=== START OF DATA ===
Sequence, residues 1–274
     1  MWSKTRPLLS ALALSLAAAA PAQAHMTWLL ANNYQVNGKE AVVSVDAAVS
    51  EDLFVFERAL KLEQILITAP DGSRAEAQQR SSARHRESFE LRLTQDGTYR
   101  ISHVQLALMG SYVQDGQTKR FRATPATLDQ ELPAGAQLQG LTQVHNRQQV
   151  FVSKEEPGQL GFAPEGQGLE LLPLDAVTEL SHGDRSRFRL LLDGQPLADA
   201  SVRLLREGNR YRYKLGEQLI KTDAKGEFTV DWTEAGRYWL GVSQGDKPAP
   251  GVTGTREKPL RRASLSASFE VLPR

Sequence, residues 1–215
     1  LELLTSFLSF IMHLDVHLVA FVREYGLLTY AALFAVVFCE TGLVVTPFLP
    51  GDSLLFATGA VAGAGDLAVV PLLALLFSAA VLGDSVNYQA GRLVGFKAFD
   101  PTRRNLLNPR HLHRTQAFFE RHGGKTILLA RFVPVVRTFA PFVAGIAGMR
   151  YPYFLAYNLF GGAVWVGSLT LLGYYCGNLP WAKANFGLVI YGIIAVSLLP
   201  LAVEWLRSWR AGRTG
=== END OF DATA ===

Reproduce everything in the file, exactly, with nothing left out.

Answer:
Sequence, residues 1–274
     1  MWSKTRPLLS ALALSLAAAA PAQAHMTWLL ANNYQVNGKE AVVSVDAAVS
    51  EDLFVFERAL KLEQILITAP DGSRAEAQQR SSARHRESFE LRLTQDGTYR
   101  ISHVQLALMG SYVQDGQTKR FRATPATLDQ ELPAGAQLQG LTQVHNRQQV
   151  FVSKEEPGQL GFAPEGQGLE LLPLDAVTEL SHGDRSRFRL LLDGQPLADA
   201  SVRLLREGNR YRYKLGEQLI KTDAKGEFTV DWTEAGRYWL GVSQGDKPAP
   251  GVTGTREKPL RRASLSASFE VLPR

Sequence, residues 1–215
     1  LELLTSFLSF IMHLDVHLVA FVREYGLLTY AALFAVVFCE TGLVVTPFLP
    51  GDSLLFATGA VAGAGDLAVV PLLALLFSAA VLGDSVNYQA GRLVGFKAFD
   101  PTRRNLLNPR HLHRTQAFFE RHGGKTILLA RFVPVVRTFA PFVAGIAGMR
   151  YPYFLAYNLF GGAVWVGSLT LLGYYCGNLP WAKANFGLVI YGIIAVSLLP
   201  LAVEWLRSWR AGRTG